6 results
Khoi Dancers and Musical Instruments
This series of sketches is from a set of 27 drawings on 15 sheets that was discovered in the National Library of South Africa in 1986. The drawings are important for presenting the earliest realistic depictions of the Khoikhoi, the original inhabitants of the Western Cape. The sketches show Khoi activities, including facial painting, drumming, and dancing. The annotations, in Dutch, provide details of the designs used in face painting and of the different drums played by men and women. The right side of the sheet is devoted to dancing ...
Contributed by
National Library of South Africa
Native Drummers
This photograph from Haiti shows two drummers playing on elaborately-decorated drums. The photograph is from the collection of the Columbus Memorial Library of the Organization of American States (OAS), which includes 45,000 photographs illustrative of life and culture in the Americas. Many of the photographs were taken by prominent photographers on OAS missions to member countries. The OAS was established in April 1948 when 21 countries of the western hemisphere adopted the OAS Charter, in which they reaffirmed their commitment to the pursuit of common goals and respect for ...
Contributed by
Columbus Memorial Library, Organization of American States
Creation of the Fifth Sun Festival
The creation of the fifth sun is an important element in Aztec mythology about the origins of the world. This photograph from Mexico of a festival celebrating the creation of the fifth sun shows musicians in costume wearing distinctive headdresses. The photograph is from the collection of the Columbus Memorial Library of the Organization of American States (OAS), which includes 45,000 photographs illustrative of life and culture in the Americas. Many of the photographs were taken by prominent photographers on OAS missions to member countries. The OAS was established ...
Contributed by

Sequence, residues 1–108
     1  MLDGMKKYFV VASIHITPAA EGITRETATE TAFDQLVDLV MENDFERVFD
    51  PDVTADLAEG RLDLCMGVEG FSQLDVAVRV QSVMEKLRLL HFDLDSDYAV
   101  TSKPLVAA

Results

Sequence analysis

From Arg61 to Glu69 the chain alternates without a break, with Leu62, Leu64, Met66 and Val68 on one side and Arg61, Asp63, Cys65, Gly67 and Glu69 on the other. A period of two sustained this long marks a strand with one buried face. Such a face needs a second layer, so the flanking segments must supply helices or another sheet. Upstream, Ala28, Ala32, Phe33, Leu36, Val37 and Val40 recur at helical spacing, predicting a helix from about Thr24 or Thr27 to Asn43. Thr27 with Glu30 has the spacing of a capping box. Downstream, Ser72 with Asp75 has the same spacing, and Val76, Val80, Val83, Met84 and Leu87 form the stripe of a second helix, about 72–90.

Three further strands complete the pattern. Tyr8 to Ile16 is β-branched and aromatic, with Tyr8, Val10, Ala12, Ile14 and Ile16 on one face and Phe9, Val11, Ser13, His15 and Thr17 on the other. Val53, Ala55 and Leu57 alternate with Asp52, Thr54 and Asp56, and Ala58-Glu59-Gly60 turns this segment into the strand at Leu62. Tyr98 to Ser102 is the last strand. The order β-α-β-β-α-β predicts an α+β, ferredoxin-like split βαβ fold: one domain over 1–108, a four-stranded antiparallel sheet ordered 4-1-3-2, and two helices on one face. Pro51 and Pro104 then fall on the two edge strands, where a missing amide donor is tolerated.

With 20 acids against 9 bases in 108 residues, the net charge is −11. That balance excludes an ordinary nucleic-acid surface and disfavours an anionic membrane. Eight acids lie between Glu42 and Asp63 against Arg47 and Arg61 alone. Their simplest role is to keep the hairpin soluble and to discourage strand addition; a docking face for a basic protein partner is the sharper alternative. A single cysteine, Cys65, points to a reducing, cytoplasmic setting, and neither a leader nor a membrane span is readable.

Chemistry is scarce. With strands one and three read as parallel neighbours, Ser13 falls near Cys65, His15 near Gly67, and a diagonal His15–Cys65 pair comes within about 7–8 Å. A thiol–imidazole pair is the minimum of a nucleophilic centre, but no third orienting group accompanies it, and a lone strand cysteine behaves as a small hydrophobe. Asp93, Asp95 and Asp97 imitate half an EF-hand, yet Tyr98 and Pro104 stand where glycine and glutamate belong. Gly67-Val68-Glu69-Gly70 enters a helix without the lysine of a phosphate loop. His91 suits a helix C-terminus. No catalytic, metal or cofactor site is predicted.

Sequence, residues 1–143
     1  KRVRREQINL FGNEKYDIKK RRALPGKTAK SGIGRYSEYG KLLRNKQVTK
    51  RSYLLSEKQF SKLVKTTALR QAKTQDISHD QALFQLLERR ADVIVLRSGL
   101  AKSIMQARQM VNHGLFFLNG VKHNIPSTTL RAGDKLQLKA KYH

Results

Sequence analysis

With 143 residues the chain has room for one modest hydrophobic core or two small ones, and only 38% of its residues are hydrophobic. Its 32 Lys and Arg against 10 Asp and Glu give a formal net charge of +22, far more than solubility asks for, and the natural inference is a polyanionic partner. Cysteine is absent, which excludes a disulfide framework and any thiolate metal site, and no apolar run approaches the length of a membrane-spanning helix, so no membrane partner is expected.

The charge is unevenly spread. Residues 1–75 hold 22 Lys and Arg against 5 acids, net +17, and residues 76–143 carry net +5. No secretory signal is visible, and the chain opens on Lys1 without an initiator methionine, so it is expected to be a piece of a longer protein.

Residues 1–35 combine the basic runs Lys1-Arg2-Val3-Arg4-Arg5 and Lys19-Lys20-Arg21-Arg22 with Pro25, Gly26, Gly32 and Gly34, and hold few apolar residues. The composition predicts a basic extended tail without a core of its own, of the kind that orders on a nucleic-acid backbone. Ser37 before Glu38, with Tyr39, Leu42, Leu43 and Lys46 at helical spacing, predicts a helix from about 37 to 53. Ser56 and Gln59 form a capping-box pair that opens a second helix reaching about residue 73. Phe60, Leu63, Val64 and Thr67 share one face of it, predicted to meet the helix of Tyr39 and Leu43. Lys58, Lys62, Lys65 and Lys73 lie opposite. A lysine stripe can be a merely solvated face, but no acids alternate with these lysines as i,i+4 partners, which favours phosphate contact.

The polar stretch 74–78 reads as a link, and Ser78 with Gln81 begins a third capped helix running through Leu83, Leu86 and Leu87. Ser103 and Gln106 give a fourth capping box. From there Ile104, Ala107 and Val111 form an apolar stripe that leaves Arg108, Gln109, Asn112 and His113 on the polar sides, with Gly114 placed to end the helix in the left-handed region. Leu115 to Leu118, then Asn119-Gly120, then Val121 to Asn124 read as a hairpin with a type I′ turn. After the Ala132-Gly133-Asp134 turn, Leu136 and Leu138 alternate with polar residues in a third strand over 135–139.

Columbus Memorial Library, Organization of American States
Aucaner Signal on Apintie
This photograph from Suriname shows a Maroon in a seated position beating an apintie, a drum made out of wood and wild boar skins. Maroon refers to fugitive slaves from the West Indies and the northern part of South America, and their descendants. The Maroon community was especially numerous in Suriname, a former Dutch colony in which many slaves managed to escape to the jungle. The photograph is from the collection of the Columbus Memorial Library of the Organization of American States (OAS), which includes 45,000 photographs illustrative of ...
Contributed by
Columbus Memorial Library, Organization of American States
The Dancing Style of Aztec Noble Dancers
The Tovar Codex, attributed to the 16th-century Mexican Jesuit Juan de Tovar, contains detailed information about the rites and ceremonies of the Aztecs (also known as Mexica). The codex is illustrated with 51 full-page paintings in watercolor. Strongly influenced by pre-contact pictographic manuscripts, the paintings are of exceptional artistic quality. The manuscript is divided into three sections. The first section is a history of the travels of the Aztecs prior to the arrival of the Spanish. The second section, an illustrated history of the Aztecs, forms the main body of ...
Contributed by
John Carter Brown Library
The Uganda Journal, Volume I, Number 1, January 1934
The Uganda Literary and Scientific Society was established at Entebbe, Uganda Protectorate, in 1923. Its main activity consisted of the reading of papers and the delivery of lectures on topics relating to Uganda. In 1933 the society moved its headquarters to Kampala and decided to issue a regular publication, The Uganda Journal. The journal’s declared aim was “to collect and publish information which may add to our knowledge of Uganda and to record that which in the course of time might be lost.” Four issues per year were published ...
Contributed by
National Library of Uganda